Veterans go for digital psychotherapy (Healthcare IT News):
“Computerized psychotherapies, or CPTs, hold great interest for veterans receiving outpatient treatment, according to a study published in Telemedicine and e‑Health. The study, relying on information provided by 151 veterans receiving treatment in a Veterans Health Administration substance use disorder outpatient clinic, showed veterans were open to a variety of CPTs.…The most commonly selected CPTs were for substance use (46 percent), depression (45 percent), problem solving (43 percent), and insomnia (42 percent).
“Internet- or computer-based therapies” for mental health and substance use disorders may reduce costs associated with therapist time, help patients overcome avoidance of treatment due to stigma, and solve access issues due to lack of trained therapists in some locations, scheduling conflicts, and transportation barriers…CPTs are fast growing and wide-ranging and offer opportunities, in concert with face-to-face therapies, for lowering the cost of disease management among individuals with substance use disorders who use health service within and beyond VHA,” the report noted. “Data on the efficacy of such programs are also promising.”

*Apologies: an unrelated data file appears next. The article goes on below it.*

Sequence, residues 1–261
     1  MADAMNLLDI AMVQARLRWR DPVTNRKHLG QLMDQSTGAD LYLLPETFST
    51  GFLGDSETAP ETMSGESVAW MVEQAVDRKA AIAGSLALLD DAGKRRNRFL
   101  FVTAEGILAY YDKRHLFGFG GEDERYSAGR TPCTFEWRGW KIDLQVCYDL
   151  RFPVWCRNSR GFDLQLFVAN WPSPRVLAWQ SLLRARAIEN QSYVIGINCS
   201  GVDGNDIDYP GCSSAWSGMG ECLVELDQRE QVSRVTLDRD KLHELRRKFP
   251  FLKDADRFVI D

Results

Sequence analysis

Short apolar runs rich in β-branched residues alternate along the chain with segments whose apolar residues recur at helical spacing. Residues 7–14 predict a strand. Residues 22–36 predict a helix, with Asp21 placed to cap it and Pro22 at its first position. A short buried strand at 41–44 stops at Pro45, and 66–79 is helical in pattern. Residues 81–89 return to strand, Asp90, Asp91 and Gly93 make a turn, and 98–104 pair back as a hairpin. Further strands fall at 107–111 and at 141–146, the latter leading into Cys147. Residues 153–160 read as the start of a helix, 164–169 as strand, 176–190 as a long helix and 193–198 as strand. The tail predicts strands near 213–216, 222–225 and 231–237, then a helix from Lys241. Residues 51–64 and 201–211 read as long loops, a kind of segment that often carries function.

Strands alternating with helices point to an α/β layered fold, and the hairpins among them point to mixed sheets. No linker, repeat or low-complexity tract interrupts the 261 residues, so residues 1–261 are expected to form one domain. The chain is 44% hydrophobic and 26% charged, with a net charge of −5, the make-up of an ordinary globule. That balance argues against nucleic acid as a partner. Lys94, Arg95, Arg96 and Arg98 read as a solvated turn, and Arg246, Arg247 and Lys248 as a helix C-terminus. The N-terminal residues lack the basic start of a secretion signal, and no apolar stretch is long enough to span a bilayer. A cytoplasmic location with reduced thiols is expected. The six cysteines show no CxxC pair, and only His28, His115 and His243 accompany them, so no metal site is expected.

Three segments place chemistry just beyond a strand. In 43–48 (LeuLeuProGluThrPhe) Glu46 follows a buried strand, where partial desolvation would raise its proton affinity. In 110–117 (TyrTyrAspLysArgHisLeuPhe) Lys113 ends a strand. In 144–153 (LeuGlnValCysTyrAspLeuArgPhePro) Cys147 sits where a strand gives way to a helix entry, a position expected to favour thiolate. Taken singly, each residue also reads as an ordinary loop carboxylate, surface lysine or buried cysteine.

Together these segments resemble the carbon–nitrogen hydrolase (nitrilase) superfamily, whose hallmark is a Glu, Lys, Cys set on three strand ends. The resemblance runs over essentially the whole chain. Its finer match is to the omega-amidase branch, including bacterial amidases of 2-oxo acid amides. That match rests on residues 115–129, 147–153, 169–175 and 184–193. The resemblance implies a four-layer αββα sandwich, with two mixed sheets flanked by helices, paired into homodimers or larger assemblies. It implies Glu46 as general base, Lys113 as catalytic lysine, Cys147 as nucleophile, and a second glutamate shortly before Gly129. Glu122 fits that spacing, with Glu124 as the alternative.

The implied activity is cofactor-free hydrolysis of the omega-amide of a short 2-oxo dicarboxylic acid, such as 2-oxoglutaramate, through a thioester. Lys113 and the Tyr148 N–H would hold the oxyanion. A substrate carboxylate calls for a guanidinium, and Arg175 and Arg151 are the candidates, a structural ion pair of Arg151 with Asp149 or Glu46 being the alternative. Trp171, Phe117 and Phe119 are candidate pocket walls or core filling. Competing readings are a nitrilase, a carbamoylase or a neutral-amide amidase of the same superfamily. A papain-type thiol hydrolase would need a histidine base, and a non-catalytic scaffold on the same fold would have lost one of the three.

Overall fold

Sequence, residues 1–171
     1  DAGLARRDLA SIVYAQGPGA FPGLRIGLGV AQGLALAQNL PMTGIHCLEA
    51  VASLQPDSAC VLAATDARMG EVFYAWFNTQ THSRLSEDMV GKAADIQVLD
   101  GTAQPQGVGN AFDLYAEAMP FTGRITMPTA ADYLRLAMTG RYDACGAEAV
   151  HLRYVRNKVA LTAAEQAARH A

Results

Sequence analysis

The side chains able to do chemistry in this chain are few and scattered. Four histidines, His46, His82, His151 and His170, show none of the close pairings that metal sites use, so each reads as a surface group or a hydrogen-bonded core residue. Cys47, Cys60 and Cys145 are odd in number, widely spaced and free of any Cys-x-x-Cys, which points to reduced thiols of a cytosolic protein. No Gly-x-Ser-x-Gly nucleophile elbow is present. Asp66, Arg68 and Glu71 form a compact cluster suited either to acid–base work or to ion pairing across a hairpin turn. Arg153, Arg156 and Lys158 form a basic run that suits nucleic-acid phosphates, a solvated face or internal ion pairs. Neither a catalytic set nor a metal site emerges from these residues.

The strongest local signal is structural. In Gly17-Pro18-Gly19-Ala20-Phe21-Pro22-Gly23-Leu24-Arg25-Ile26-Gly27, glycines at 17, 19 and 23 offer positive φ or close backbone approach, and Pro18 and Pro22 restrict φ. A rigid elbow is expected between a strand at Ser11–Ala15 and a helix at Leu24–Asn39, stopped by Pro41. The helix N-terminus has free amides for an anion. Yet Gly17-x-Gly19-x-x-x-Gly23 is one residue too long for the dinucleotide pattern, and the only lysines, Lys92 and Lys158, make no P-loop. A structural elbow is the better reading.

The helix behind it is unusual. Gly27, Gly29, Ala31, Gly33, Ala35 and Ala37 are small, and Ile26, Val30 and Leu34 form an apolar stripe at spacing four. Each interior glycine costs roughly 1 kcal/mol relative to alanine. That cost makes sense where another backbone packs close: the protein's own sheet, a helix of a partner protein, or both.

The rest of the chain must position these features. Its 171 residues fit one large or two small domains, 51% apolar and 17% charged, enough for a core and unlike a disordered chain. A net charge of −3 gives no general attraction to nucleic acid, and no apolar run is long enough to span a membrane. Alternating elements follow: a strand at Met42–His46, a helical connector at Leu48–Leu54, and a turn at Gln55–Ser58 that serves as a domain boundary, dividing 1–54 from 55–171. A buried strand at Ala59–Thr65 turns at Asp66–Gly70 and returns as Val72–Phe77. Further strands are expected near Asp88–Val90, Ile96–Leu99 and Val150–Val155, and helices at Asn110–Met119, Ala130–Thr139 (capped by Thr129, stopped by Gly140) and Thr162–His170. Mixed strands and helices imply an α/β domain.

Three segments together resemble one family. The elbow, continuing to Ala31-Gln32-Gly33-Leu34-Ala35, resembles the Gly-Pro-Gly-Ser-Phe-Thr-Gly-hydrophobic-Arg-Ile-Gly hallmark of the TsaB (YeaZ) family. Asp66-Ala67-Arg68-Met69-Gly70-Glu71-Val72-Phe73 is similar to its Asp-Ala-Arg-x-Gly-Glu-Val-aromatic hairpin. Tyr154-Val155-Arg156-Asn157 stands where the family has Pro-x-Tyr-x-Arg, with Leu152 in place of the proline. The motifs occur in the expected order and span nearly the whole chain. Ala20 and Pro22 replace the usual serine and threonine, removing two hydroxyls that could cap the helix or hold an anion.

Study: Technology Use and Interest in Computerized Psychotherapy: A Survey of Veterans in Treatment for Substance Use Disorders (Telemedicine and e‑Health)
- Abstract: This study examined interest in computerized psychotherapies (CPTs) and its relation to use of information technology among individuals receiving Veterans Health Administration (VHA) outpatient treatment. Veterans receiving treatment in a VHA substance use disorder outpatient clinic completed a self-report questionnaire. The survey addressed recent experience using information technology and potential interest in using CPTs for symptoms/functional problems associated with substance use and mental health disorders.…Results: Of 151 respondents, 82% were interested in CPT for at least one problem, and 60% were interested for more than one. The most commonly selected CPTs were for substance use (46%), depression (45%), problem solving (43%), and insomnia (42%). None of the 23 measures of information technology use was associated with interest in CPTs. Conclusions: Among veterans receiving outpatient substance use treatment, interest in CPT is high and unrelated to information technology use. Efforts to implement CPTs may interest this population.